Drone users reminded to keep off Santa's naughty list
Drone users are being urged to ‘fly responsibility’ heading into the Christmas period, following a fourfold increase in drone-related incidents.
With UAVs ((unmanned aerial vehicles) growing in popularity, Airways New Zealand and the Civil Aviation Authority is reminding Kiwis to think safety-first if they happen to find one under their Christmas tree this year.
In order to educate users, airshare.co.nz, the go-to resource for all drone users, has launched an online interactive training course on how to fly drones under the new Civil Aviation rules Part 101 and 102.
Airways New Zealand chief operating officer Pauline Lamb says the course provides a good grounding on how to fly safely and responsibly and is must for all new drone users.
“Drone 101 Training can be accessed via a mobile device (IOS and Android) or desktop and covers helpful tips, Civil Aviation rules and six useful checklists to guide users through a drone flight from start to finish,” says Lamb.
The number of incidents reported to the CAA reflects the growing popularity of UAVs in New Zealand. CAA figures show 107 incidents to date in 2015, which is a fourfold increase compared to 2014, when there were 27 incidents. In 2013 nine incidents were reported with three in 2012 and one in 2011.
TradeMe reported recently that UAVs are moving up its most searched items list. The US-based Federal Aviation Authority (FAA) has predicted there will be one million UAVs under U.S. Christmas trees this year.
Steve Moore, CAA general manager of General Aviation, says safety should be top of mind for all.
“These aircraft can be a lot of fun but they also have the potential to endanger people and property as well as other airspace users,” he says.
“If you’re operating one for the first time it's very important that you follow civil aviation rules to ensure they are flown safely. These can be found online at airshare.co.nz or at caa.govt.nz,” Moore adds.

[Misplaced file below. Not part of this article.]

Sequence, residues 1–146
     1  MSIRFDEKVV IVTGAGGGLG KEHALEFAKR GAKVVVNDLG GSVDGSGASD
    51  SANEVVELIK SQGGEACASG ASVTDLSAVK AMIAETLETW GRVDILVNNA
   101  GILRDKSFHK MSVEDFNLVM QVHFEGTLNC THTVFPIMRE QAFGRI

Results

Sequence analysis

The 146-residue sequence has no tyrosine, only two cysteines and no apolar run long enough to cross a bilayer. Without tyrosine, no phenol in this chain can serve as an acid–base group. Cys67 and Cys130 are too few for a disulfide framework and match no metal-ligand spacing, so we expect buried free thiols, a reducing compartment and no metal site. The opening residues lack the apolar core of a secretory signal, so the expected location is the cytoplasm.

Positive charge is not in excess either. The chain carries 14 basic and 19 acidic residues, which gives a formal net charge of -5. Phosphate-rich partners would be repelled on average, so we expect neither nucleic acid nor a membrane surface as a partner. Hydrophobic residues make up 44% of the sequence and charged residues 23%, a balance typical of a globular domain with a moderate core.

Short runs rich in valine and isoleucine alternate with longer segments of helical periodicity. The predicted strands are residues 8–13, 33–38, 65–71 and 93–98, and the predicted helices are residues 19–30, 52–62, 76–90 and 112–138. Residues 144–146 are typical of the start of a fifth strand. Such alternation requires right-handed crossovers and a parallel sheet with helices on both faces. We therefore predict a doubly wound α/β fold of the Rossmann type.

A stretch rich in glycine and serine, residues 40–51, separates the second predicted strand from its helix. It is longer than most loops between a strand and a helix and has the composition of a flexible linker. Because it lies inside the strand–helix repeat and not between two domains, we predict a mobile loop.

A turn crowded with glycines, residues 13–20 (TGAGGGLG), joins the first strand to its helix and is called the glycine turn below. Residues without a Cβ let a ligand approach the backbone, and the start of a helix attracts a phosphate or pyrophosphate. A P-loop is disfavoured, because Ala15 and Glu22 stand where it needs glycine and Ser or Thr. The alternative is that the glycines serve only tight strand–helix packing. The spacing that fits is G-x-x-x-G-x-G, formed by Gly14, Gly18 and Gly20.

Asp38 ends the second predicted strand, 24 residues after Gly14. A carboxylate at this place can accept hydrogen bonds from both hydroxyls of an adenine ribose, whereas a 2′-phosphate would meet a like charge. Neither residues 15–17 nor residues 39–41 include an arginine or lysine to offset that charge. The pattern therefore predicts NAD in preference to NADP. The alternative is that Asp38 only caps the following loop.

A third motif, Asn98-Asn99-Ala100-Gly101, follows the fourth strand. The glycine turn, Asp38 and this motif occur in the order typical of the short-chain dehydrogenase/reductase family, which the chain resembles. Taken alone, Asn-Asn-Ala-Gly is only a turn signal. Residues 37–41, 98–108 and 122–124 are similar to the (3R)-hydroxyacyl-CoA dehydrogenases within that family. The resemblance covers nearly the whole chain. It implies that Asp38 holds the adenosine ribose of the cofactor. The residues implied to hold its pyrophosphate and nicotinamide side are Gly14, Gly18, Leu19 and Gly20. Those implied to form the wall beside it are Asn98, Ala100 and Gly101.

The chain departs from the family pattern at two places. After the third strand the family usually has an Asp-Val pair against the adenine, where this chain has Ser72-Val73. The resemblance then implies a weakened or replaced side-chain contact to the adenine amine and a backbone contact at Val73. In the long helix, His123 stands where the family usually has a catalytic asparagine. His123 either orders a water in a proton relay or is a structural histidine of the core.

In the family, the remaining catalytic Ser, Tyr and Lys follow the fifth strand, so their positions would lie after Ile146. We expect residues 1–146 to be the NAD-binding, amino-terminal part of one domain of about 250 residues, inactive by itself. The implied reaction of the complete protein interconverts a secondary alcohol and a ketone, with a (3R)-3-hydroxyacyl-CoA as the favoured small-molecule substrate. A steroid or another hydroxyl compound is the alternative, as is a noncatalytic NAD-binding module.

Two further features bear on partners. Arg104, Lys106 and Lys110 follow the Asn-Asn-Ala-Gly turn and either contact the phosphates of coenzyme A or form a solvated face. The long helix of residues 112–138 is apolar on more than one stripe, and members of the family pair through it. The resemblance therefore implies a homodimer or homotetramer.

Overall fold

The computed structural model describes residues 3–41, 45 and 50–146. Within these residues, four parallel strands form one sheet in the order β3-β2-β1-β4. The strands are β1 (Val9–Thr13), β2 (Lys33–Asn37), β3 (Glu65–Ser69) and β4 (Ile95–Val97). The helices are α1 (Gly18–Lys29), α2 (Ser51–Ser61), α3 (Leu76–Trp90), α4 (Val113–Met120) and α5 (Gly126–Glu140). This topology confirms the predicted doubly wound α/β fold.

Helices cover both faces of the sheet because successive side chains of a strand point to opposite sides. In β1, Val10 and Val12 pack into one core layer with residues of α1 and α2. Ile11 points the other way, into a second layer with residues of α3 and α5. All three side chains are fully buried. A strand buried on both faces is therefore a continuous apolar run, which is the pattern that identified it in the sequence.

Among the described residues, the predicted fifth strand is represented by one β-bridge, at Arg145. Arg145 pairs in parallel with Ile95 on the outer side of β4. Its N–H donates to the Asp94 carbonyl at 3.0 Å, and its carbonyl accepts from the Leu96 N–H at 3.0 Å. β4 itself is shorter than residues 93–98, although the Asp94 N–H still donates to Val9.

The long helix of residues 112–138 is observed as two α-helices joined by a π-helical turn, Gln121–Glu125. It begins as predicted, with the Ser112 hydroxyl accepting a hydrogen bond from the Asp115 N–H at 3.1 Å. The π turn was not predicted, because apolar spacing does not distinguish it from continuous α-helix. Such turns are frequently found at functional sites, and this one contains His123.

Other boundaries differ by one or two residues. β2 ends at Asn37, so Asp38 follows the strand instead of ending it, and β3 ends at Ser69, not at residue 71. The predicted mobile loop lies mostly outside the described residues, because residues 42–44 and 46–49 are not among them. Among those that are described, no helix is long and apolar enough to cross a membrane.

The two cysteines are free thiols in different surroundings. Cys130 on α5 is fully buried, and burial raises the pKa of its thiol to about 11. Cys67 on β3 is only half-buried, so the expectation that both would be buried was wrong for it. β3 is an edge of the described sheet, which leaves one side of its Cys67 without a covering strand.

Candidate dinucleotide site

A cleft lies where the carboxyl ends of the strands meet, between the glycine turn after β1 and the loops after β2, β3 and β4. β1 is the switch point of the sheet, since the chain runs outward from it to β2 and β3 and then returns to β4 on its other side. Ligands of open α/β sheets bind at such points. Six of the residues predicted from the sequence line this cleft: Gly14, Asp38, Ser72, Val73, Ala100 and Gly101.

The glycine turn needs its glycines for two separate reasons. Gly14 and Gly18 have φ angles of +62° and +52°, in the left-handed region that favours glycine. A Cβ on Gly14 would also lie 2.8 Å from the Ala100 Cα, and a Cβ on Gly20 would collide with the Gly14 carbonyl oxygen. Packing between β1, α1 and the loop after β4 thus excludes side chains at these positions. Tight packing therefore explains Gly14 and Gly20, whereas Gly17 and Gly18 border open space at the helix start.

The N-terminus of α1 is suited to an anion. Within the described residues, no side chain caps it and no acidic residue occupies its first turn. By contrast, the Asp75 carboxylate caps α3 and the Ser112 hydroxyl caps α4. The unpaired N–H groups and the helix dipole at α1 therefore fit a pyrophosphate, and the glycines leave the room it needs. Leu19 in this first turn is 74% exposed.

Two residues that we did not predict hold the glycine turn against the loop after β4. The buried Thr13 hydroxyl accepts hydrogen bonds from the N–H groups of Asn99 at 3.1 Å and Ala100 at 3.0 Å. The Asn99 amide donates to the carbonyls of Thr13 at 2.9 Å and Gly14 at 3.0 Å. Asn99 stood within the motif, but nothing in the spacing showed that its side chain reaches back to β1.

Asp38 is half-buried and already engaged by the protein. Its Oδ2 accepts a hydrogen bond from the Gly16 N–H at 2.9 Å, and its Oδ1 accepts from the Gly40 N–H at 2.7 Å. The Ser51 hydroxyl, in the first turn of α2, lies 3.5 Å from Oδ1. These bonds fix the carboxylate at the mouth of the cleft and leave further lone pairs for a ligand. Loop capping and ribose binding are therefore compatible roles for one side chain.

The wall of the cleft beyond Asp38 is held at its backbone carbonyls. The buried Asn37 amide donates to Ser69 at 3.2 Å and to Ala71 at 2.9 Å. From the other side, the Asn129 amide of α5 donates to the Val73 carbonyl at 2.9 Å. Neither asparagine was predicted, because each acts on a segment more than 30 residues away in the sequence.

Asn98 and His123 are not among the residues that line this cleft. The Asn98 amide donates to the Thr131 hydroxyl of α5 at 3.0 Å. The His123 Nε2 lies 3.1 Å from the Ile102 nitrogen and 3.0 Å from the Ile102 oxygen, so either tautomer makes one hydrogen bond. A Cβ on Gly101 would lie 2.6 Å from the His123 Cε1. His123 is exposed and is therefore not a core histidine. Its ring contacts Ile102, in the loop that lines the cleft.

Drone users warned about controlled airspace rules
Civil Aviation rules require operators to get permission from air traffic control to fly in controlled airspace, which includes the airspace above and close to all New Zealand cities, and many towns.
Lamb says the easiest way to do this is to log your flight on airshare.co.nz before you fly.
“Since December last year we have received 6,473 flight requests on airshare.co.nz. Some 3,772 requests were to fly in controlled airspace,” she says.
“We suspect there are many more who may unwittingly be putting others at risk. We need all the lucky recipients of UAVs this Christmas to fly safely,” Lamb adds.
CAA and Airways promote safe flight over Christmas
Both agencies are providing retailers and councils with printed flyers and online materials outlining how to fly UAVs safely and within Civil Aviation rules. UAV users will be encouraged to gain approval from airshare.co.nz where they can also find useful information and tips.
Social media promotion and an interactive online UAV training course will help educate users via airshare.co.nz.
“We want to share the airspace safely and efficiently, and we’re working with the industry and CAA to develop the safest possible environment for UAV users to operate in,” Lamb says.
“It’s important, at this time of year more than ever, that New Zealanders understand the rules around where they’re allowed to fly and how to fly their UAVs safely,” she explains.
“With more UAVs in the hands of children, parents need to take responsibility to ensure they are being operated safely at all times.”